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Help Your Child Develop Confidence


A child confidently writing on the classroom chalkboard

Techniques to help students succeed in the classroom

These strategies help children of all ages develop the confidence they need to succeed, both in and out of the classroom.

Set a Routine. School is a routine. The sooner that young children are familiar with a routine, the sooner they will feel comfortable and confident. Even if school hasn’t started yet, you can begin to emulate school routines by establishing schedules around eating breakfast, getting up and getting dressed, and bedtimes.

Set Goals. Practice setting goals by working together towards clear, achievable, and measurable goals. When children work toward an objective, they build confidence in their abilities. This confidence transfers from one area of life to another.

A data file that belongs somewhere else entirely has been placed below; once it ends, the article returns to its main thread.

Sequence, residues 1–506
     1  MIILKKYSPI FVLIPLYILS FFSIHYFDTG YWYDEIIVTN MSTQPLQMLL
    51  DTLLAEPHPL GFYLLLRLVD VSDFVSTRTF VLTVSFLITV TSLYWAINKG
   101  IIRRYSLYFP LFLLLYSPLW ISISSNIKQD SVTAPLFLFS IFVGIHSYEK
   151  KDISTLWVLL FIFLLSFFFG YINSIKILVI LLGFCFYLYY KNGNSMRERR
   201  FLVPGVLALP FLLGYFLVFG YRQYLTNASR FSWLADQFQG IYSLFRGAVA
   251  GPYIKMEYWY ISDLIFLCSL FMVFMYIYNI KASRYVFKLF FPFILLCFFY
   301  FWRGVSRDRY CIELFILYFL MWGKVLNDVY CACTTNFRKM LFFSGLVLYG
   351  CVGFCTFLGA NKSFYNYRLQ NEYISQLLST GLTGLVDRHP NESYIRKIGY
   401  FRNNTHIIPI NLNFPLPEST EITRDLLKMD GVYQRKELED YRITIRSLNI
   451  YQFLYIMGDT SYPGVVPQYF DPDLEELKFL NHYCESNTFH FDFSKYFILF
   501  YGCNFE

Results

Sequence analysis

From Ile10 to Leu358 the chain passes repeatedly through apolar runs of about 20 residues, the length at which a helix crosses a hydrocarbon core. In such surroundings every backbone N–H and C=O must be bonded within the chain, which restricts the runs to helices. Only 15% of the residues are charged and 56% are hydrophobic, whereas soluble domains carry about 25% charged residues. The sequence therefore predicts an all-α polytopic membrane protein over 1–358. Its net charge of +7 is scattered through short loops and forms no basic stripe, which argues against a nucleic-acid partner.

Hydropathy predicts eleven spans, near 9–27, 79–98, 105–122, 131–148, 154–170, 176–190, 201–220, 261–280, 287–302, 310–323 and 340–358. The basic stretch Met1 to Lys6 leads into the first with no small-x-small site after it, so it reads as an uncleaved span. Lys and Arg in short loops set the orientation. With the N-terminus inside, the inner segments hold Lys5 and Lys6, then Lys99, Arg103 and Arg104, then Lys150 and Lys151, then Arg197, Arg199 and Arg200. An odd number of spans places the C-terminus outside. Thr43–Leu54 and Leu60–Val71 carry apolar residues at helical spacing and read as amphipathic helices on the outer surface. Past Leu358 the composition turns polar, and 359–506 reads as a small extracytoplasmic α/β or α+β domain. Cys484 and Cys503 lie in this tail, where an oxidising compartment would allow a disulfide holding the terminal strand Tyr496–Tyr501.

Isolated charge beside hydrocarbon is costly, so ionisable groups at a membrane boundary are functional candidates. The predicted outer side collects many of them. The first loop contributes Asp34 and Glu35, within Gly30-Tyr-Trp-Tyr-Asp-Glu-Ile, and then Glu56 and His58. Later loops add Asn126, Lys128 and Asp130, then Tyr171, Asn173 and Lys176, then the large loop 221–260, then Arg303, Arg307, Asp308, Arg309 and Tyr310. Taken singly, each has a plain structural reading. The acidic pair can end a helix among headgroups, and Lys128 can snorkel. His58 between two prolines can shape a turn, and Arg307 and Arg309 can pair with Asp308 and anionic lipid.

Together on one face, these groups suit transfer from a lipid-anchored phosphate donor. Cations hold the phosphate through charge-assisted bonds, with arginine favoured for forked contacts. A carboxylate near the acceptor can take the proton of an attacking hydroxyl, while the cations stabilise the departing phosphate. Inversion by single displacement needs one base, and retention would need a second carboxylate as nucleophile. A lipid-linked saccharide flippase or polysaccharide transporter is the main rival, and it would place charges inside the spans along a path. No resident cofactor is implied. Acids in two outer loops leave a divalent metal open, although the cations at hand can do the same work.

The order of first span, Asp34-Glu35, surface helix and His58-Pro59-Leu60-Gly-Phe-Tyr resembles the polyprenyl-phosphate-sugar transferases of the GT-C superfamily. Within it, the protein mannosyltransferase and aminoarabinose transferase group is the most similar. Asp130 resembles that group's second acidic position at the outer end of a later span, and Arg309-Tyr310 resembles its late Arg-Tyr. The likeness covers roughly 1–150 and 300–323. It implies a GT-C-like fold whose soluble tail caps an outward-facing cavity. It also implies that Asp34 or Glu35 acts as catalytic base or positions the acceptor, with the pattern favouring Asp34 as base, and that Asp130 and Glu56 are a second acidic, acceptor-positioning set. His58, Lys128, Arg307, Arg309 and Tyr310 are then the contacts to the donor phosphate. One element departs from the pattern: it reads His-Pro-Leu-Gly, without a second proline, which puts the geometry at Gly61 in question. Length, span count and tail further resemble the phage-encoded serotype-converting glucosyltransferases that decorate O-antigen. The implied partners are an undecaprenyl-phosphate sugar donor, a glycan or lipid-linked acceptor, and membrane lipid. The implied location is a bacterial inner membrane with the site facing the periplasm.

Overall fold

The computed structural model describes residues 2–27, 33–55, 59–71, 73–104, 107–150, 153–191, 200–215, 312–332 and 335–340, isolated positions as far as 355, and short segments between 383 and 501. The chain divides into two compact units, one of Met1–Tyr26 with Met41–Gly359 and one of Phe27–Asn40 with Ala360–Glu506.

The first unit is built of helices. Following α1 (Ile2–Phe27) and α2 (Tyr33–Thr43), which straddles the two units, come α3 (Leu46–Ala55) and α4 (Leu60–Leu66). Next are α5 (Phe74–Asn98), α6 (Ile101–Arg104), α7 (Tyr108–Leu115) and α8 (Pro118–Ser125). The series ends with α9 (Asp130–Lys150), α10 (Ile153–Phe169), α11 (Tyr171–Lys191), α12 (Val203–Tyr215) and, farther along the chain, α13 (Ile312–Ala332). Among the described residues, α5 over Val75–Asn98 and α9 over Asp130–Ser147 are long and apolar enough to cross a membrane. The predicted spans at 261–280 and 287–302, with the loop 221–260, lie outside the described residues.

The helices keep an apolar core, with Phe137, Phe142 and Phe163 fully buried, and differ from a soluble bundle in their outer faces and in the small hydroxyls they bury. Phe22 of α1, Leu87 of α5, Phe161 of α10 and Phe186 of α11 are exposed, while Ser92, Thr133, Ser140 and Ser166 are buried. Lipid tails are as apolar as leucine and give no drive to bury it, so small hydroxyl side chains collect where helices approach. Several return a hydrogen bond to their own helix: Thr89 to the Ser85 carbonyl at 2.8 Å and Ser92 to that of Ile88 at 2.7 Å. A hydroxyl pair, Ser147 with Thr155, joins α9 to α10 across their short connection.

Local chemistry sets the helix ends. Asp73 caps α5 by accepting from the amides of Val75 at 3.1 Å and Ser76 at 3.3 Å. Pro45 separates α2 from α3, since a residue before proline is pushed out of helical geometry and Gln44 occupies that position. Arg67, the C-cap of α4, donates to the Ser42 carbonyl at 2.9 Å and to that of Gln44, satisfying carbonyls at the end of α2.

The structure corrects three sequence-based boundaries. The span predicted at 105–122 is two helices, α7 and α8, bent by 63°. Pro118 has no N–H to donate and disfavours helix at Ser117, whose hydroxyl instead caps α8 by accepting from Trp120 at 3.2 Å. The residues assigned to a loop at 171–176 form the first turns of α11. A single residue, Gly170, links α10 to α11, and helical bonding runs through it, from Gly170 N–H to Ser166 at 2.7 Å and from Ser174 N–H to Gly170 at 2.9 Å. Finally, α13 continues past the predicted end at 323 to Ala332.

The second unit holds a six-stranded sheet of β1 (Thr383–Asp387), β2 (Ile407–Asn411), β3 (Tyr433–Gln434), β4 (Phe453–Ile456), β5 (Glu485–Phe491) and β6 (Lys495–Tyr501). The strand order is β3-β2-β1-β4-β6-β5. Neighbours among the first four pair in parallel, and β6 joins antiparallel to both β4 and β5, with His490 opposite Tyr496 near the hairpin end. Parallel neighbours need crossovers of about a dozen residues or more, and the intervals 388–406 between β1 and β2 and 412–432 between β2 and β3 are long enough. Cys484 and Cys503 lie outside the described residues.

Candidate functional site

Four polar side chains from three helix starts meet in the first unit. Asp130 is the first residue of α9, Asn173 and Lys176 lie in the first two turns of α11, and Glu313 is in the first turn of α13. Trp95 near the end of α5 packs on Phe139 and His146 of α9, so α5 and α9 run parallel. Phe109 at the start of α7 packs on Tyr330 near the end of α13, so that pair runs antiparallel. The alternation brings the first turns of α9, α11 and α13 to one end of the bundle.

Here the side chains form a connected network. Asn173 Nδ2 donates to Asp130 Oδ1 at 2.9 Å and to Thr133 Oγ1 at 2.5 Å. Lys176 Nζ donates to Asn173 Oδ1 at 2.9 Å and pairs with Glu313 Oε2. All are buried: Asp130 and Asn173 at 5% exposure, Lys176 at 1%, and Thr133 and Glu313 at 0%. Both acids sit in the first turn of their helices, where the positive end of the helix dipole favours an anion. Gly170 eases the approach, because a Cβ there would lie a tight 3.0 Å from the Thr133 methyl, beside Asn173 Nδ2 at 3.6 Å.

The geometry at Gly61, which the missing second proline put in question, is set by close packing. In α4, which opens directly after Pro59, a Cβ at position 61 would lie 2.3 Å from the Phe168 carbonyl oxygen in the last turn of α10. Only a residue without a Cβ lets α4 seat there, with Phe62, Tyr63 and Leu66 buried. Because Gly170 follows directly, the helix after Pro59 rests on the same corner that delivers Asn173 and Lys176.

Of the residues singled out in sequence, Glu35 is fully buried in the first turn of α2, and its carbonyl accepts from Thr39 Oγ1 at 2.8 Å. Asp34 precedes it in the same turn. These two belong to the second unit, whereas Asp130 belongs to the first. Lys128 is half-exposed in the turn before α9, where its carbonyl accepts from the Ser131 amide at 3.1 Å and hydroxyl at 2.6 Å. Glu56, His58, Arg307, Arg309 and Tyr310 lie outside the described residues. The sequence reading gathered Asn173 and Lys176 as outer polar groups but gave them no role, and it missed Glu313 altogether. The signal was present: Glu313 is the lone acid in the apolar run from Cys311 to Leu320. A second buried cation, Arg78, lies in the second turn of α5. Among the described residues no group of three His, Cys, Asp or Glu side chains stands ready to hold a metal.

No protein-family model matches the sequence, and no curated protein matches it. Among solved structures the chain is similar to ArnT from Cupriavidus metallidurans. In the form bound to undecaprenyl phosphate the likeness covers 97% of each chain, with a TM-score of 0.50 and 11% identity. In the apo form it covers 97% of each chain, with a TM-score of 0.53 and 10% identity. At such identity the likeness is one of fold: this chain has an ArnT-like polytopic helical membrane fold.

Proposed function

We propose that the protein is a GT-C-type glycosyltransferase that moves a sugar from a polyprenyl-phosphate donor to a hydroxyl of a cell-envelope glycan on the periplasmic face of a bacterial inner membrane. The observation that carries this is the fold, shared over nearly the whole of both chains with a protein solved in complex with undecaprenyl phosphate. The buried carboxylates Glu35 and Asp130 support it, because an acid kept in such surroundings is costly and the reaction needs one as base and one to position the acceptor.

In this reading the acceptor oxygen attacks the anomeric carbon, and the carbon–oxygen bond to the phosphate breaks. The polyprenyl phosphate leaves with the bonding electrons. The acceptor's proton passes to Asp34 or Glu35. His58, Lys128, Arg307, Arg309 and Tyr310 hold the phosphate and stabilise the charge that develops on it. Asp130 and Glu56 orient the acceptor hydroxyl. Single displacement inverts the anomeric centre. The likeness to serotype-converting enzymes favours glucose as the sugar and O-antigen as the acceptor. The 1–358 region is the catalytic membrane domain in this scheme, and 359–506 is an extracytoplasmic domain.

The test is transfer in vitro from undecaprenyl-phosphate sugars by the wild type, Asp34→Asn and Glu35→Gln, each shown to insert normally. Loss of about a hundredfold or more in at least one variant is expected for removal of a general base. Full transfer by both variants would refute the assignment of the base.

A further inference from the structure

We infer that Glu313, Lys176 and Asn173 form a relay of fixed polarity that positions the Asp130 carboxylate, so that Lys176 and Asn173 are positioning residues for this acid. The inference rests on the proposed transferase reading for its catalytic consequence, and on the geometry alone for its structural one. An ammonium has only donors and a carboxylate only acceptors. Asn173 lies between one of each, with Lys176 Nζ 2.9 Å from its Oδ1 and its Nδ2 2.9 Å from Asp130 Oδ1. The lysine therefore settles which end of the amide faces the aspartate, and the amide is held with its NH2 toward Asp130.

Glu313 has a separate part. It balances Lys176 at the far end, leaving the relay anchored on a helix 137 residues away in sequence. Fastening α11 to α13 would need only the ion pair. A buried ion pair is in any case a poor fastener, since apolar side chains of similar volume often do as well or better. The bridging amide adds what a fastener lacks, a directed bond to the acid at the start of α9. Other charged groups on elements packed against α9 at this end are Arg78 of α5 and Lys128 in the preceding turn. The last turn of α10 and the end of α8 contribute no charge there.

Give Them an ‘A’ for Effort. Children who consistently give their best effort are more likely to persist and succeed. Whether it’s working on a project, studying for a test, practicing for a game—children should always be giving their best effort.

Don’t Praise Their Intelligence. Intelligence is innate and not something that children can control. If children are consistently praised for something that they essentially have no control over, they will feel powerless and unable to find a solution when they don’t succeed. Instead of saying, “you are so smart,” try “you worked really hard. Awesome job!”

It’s Okay to Fail. Students with little confidence are afraid to fail, so they don’t try. This is a protection mechanism. Teach them that’s it’s OK to fail. Everyone who tries will fail at one point or another—it’s part of the process. Tell them not to worry about the mistakes and help them to focus on failure as a learning experience.

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